Flutterby said...

Ok Sher.. here is how I see some of it for you... while mom was there and needed you so much, you guys did have *purpose*. You were needed. You loved her and she needed you and you were able to do something for her that no one else could. That is a really good and powerful thing. Her death left a void in that part of you in many different ways. Teens don't *need* you in the way they did when they were small and every move they made depended in some way, on you. So you don't have that same feeling from them either. I don't have a solution. I am not sure there really is one unless you live somewhere in which there are things to do away from home that you enjoy... there certainly isn't anything here that we haven't done a bazillion times, so I know how that goes. I don't know if understanding some of what the problem is can help or not. And I know you've probably figured it out mostly for yourself anyway but I just thought I'd throw a few more of my cents worth into the pot. I figured pointing it out was something to do since I am done with the fun of stuffing another load of laundry into the washer...

Elizabeth said...

Here's what you do: put your coat on and take a walk outside. First off the excercise helps and more importantly soaking in some vitamin d from the good 'ol sun. For real, go do it, you will only waste 20 minutes of your time.
http://healthlink.mcw.edu/article/1031002458.html

Brent Diggs said...

I have found that my sense of purpose and my sense of wonder and the two easiest things for me to lose these days.

You can struggle on without one or the other, but when both are gone there's nothing left but chocolate.

I recently stumbled over a small leftover scrap of purpose, but if you see my wonder anywhere please send it this way.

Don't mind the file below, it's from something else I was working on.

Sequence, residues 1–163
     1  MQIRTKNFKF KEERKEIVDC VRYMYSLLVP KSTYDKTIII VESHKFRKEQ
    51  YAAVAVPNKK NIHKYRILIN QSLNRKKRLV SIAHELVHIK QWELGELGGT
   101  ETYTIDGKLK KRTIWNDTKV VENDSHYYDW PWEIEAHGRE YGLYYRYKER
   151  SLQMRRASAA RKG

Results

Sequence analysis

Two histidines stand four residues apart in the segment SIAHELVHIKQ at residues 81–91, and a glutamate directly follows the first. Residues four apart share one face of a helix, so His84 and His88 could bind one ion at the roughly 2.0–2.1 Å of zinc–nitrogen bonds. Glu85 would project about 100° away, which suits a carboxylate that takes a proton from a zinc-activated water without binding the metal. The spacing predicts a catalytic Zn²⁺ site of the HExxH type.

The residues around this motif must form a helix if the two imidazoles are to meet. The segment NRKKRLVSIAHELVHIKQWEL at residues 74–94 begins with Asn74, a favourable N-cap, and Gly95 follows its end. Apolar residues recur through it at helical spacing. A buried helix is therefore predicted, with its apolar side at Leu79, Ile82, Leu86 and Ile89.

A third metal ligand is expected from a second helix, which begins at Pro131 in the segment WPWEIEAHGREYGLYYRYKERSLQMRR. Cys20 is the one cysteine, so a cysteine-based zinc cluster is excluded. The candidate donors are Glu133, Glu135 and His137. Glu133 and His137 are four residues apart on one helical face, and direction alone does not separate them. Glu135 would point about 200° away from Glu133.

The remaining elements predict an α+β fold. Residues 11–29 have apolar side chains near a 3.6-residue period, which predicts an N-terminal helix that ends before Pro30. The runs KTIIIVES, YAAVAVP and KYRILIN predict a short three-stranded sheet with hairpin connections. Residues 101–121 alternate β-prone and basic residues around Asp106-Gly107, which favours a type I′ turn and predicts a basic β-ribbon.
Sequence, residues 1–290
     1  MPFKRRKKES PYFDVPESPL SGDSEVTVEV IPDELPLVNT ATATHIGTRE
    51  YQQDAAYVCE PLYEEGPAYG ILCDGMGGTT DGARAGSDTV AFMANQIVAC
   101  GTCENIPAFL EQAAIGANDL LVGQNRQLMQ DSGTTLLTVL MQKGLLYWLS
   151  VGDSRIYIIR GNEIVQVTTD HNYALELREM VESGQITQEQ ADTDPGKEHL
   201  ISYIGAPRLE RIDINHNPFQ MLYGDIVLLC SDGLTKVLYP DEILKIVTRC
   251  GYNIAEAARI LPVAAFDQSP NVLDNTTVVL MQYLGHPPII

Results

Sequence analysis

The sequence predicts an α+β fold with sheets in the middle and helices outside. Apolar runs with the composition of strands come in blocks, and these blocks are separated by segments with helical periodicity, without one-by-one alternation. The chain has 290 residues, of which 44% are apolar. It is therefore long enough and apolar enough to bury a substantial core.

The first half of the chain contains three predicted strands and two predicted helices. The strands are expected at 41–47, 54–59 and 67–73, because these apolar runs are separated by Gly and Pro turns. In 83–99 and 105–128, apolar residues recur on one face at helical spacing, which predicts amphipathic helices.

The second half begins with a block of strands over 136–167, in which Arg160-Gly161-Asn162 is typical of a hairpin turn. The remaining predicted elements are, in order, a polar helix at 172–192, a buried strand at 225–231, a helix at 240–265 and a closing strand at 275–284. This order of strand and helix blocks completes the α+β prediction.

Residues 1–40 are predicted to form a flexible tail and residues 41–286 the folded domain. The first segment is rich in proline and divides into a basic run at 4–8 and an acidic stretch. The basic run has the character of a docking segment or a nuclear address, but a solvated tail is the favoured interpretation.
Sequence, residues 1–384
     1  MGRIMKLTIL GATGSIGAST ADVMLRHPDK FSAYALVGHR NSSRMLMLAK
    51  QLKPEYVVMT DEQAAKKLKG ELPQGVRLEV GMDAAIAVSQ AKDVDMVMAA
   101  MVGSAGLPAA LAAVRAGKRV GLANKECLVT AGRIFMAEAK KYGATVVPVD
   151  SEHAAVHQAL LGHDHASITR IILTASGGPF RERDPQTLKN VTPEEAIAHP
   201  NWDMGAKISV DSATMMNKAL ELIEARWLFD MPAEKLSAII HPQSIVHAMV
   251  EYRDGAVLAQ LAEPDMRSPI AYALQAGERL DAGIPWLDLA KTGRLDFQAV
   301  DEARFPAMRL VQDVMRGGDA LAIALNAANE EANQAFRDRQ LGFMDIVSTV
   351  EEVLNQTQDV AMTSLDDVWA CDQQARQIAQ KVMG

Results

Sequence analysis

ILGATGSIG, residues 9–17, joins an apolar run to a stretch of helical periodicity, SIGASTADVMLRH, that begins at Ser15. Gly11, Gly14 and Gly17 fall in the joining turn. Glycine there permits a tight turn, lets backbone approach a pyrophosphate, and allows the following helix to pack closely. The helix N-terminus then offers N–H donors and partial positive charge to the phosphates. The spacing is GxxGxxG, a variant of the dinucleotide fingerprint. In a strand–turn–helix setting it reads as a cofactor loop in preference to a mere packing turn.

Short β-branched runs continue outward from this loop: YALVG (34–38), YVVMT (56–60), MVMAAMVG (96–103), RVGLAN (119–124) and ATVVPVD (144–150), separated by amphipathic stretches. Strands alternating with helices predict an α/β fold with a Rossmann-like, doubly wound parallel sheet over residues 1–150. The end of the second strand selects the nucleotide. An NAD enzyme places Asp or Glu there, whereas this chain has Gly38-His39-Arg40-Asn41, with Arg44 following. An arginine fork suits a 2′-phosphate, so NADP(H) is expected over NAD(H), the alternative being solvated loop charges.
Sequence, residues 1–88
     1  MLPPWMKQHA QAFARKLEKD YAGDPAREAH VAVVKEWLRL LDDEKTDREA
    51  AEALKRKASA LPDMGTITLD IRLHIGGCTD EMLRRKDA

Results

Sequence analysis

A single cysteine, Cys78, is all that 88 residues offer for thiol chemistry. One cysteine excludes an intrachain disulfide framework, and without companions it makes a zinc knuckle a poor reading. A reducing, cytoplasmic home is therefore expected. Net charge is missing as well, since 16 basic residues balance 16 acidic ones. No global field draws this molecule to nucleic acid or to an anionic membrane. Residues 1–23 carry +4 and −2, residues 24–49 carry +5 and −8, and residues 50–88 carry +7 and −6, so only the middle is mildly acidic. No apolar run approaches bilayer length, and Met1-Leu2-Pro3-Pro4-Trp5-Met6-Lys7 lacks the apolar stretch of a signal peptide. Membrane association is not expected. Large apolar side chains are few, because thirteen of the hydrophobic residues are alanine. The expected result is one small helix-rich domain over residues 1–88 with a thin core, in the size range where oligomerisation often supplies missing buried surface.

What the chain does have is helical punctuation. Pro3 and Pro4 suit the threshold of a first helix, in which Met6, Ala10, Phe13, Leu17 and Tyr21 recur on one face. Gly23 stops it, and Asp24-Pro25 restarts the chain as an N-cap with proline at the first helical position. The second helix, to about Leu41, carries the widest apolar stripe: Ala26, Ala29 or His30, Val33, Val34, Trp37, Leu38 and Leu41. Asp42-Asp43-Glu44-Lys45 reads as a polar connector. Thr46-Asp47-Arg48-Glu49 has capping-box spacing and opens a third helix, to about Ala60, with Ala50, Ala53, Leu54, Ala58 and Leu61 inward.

Sher said...

Flutter - I appreciate everything you said and I think it makes sense. I really do.

Elizabeth - Some sunshine couldn't hurt. I work, work, work and I never just go outside and breathe.

Brent - If I find your wonder, I'm keeping it. Sue me.

Cher said...

Elizabeth is right about exercise. It lifts depression better than a pill.

Think this is one of the stages of grief? "They" say it takes one month for every year you were in a relationship to get through the grieving period of a divorce or death. "They" also say don't do anything drastic (like sell a house, change jobs, get divorced, etc.) for one year after a death of a loved one.

Time heals big depressions and little depressions. Talking (blogging?) about it does too.

The Texas Woman

Sher said...

Cher - I need to hop back in the Wii Fit tomorrow. I've felt too crappy to move for any other reason than to grab a Kleenex.

Talking does help. Having you all talk back is even better.

Princess of Everything (and then some) said...

Found you via flutter. Girl you sound just like I did a few years ago. Plus you have had stuff just heaped on! You know it really can be true depression. That will just not go away. You literally need some chemicals put INTO your brain. ~grins~ and not the way that flutter would do it.

Jami said...

OK - so I'm late to the party. Story of my life but this time it's for a good reason: I'm just working myself to death while ignoring everyone.
It's not that I have any kind of suicide wish or work ethic. The only ethic I have is avoidance of unemployment, foreclosure and respossession. So I go with that to get my ass out of bed every day. Maybe that will work for you. I'm going to blame the cold and the dark of winter for making everyone feeling so shitty. I don't remember being depressed like this in the summer when it's hot and bright. Or at least I think it's hot and bright in the summer because right now I'm not sure I remember summer, either.

Sher said...

Princess - Mmmmm. Chemicals.

Jami - Darling, you should be a motivational speaker.